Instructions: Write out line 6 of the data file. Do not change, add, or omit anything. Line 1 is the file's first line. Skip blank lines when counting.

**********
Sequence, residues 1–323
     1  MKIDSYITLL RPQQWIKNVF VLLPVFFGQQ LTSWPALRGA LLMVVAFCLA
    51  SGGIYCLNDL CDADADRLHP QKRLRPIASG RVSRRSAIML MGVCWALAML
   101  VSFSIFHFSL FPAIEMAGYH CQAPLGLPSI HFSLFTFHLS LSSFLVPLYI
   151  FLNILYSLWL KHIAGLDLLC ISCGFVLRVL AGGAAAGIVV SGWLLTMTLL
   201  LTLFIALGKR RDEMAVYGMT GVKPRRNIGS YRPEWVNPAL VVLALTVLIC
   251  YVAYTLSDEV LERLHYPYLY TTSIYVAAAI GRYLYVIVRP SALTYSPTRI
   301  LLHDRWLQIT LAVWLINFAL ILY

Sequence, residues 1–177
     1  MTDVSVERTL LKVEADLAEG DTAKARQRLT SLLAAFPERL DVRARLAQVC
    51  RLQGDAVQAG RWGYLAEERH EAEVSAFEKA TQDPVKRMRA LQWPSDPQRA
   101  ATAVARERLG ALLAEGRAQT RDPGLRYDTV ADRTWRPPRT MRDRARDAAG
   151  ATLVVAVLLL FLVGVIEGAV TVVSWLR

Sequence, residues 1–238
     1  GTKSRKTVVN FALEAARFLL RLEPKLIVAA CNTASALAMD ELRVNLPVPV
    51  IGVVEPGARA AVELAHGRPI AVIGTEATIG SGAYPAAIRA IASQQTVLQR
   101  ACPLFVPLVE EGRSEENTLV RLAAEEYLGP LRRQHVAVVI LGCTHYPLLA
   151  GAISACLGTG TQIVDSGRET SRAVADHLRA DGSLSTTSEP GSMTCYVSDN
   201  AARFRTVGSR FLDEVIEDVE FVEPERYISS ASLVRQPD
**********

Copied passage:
   201  LTLFIALGKR RDEMAVYGMT GVKPRRNIGS YRPEWVNPAL VVLALTVLIC